NPR adds that an opponent of fluoride says it is “harmful. But the CDC, World Health Organization, European Union and other government and medical institutions have long held that low levels of fluoride in drinking water are safe.”
The use of fluoride is already affecting the dental industry.
The Lima (OH) News Opens in a new window to Lima (OH) News article reported on how the industry of denture makers is changing, as well as how “dentures as a medical device are starting to phase out as both technology and standards shift.”
The American College of Prosthodontists “estimates the total number of people dealing with toothlessness to increase.” Still, dentists have “seen decreases in the number of patients looking for dentures, thanks, in part, to decades of improvements in dental care.”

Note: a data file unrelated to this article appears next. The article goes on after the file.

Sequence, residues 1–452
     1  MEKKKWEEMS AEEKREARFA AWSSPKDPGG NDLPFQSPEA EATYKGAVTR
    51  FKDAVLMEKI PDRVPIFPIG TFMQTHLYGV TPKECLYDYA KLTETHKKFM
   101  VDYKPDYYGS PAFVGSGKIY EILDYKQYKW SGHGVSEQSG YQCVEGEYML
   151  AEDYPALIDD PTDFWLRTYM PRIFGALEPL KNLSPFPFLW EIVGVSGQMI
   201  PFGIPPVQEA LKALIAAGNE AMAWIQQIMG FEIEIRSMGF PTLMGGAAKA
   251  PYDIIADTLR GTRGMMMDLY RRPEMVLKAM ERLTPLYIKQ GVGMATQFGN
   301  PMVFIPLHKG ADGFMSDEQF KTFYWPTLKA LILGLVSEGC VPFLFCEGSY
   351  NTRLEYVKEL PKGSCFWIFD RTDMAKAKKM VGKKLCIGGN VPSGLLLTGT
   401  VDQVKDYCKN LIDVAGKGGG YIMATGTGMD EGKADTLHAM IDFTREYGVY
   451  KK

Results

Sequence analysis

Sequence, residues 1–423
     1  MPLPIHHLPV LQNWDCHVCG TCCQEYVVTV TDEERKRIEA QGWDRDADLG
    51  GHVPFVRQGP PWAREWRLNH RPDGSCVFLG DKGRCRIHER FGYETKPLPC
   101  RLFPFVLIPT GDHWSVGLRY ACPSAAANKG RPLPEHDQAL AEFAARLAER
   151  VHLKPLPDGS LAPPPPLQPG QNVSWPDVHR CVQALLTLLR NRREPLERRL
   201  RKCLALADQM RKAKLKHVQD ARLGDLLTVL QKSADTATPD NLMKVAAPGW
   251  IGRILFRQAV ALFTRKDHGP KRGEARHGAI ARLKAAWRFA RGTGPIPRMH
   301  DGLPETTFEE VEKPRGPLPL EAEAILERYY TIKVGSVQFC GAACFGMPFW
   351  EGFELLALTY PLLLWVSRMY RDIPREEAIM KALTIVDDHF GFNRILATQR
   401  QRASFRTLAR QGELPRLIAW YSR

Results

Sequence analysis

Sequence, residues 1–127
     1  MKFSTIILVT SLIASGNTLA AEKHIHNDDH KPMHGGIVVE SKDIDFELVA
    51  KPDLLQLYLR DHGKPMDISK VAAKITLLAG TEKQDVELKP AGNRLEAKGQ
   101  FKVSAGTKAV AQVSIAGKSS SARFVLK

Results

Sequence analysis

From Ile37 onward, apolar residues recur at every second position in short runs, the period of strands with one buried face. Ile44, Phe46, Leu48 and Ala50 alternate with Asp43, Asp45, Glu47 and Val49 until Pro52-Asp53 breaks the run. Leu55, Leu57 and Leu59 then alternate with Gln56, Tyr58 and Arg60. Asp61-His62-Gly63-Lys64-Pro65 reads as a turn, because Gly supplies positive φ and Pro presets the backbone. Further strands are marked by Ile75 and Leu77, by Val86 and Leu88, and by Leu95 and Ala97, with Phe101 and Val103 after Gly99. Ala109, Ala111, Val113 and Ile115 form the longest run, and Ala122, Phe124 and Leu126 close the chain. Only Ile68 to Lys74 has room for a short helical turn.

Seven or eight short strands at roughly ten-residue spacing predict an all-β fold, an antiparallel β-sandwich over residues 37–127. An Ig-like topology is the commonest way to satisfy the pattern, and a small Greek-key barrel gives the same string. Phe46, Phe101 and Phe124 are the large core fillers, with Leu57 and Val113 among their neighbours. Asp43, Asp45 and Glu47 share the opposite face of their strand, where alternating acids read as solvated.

The introduction of fluoride into drinking water has “done a lot of the work in improving the country’s dental health.” While the “need for full-set dentures may be” on the decline, “new technologies are moving forward – expanding the type of dental prosthesis and pushing the rate at which their made.”
Resources for your fluoride research:
Want to do your own research about fluoride? Here are many resources you can use for your convenience:
- MouthHealthy.org provides additional information on fluoride. Opens in a new window to MouthHealthy.org article
- For more information about the ADA’s advocacy efforts on fluoridation, visit ADA.org/fluoride. Opens in a new window to ADA’s website
- The Journal of the American Dental Association also offers this patient handout, Drink Up! Fluoridated Water Helps Fight Decay. Opens in a new window to The Journal of the American Dental Association article
Moral of the story: Fluoride is the key!
The truth is: Fluoride is crucial to implement in your dental care routine to protect your smile from decay and cavities.
We offer individualized dental services to the Southern Maryland communities, including Waldorf, Brandywine, Mechanicsville, La Plata, Accokeek, and Hughesville.